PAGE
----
Even after the Health Ministry required that food packages be marked with red circles to represent a large amount of sugar (or fat or salt), supermarket shelves are bursting with cereals, cakes, candies and other products that are very sweet, and those with less sugar are hard to find.
Sweet taste is innately appealing, ensuring that mammals are attracted to the sweetness of mother’s milk and other sources of carbohydrates and calories.
In the modern world, the availability of sugars and sweeteners and the eagerness of the food industry to maximize palatability result in an abundance of sweet manufactured foods that pose a major health challenge.
Most of us struggle with a sweet tooth despite wanting to eat a healthful diet – but is sweeter always tastier?
A new study conducted by student Kim Asseo, under the supervision of Prof. Masha Niv, a taste expert at the Hebrew University of Jerusalem’s Robert H. Smith Faculty of Agriculture, Food and Environment in Rehovot, analyzed thousands of customer reviews of food products sold online and found that reviewers tend to give lower scores to products deemed “too sweet.”
The study, funded by the Israel Innovation Authority and Israel Science Foundation, has just been published in the scientific journal Foods under the title “Harnessing Food Product Reviews for Personalizing Sweetness Levels.”
The team studied about 560,000 reviews of about 31,000 food products that were sold on the leading online marketplaces – over 200,000 reviews on Amazon between 2002 to 2012 and 350,000 reviews of 2,400 products on iHerb from 2006 to 2021 and found that a tenth of them refer to the products’ sweetness. The researchers then used machine learning and natural language processing to categorize the responses by the level of sweetness.
“Seven percent to 16% of the reviews we examined indicated oversweetness. This is important because customers who complained about products being oversweet gave them significantly lower scores (one star less) than did customers who did not complain about oversweetness. In addition, the reviews mentioning oversweetness came from different customers and only for some of the products those customers tried rather than from ‘serial complainers,’ ” Prof. Niv added.
One of the ingredients that most frequently led to reviews citing oversweetness was the artificial sweetener Sucralose. “Food companies that make candies, snacks and soft drinks must also pay attention to the demand for products that are less sweet,” Asseo asserted.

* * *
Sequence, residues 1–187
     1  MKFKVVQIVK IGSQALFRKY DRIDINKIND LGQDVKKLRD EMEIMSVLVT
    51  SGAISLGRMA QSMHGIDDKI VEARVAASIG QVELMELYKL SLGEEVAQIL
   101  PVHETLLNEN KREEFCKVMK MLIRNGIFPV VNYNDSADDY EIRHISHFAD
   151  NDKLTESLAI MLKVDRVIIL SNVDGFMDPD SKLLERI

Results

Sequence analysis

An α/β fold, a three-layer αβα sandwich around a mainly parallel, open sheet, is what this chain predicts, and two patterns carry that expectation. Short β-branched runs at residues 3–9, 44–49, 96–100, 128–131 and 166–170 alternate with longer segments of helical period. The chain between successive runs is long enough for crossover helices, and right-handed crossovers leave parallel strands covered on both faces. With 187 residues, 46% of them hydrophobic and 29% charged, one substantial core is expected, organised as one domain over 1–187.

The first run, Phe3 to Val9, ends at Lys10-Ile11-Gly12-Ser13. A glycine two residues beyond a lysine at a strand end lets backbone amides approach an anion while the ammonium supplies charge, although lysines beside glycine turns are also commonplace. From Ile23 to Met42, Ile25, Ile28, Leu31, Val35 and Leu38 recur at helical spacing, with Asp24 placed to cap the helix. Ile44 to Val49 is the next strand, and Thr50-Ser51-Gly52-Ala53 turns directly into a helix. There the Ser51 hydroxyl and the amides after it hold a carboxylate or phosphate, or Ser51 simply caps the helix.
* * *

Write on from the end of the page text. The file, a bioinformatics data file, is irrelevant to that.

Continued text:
This is important not just for public health reasons, by supplying individuals who prefer it with food that is less sweet and is less harmful to health, but also for the food companies themselves so that they can boast a healthier product line and sell these healthier products to customers who actually find them tastier, she added.
“Although sweetness preference does not correlate with obesity and type-2 diabetes, overconsumption of sugars does. The availability of sugars and sweeteners and the eagerness of the food industry to maximize appeal to customers result in sweet food product abundance, posing a major health challenge,” the researchers wrote.
“Although sweetness preference does not correlate with obesity and type-2 diabetes, overconsumption of sugars does. The availability of sugars and sweeteners and the eagerness of the food industry to maximize appeal to customers result in sweet food product abundance, posing a major health challenge.”Hebrew University research team
The World Health Organization has called obesity “a global pandemic affecting over 650 million adults (13%), with 378 million children under 18 classified as overweight or obese."
What affects Preference for sweetness?
Preference for sweetness intensity is dependent on age, gender, race and culture, individual differences and the food or beverage itself.
“Food choice does not necessarily fully align with food preference and depends on other factors, such as price and health. Moreover, the desire to eat something sweet depends on social norms, the behavior of others at the table and satiety. While people have a suppressed appetite for sweet foods after eating something sweet or when experiencing general satiety, highly palatable and easily accessible food can cause the opposite effect and increase sweet food consumption.”
Prof. Niv concluded that despite popular opinion, not everyone thinks that sweeter means tastier. “There is an opportunity here to diversify the levels of sweetness in products and to create healthier versions that are more closely tailored to the preferences of certain customer groups.”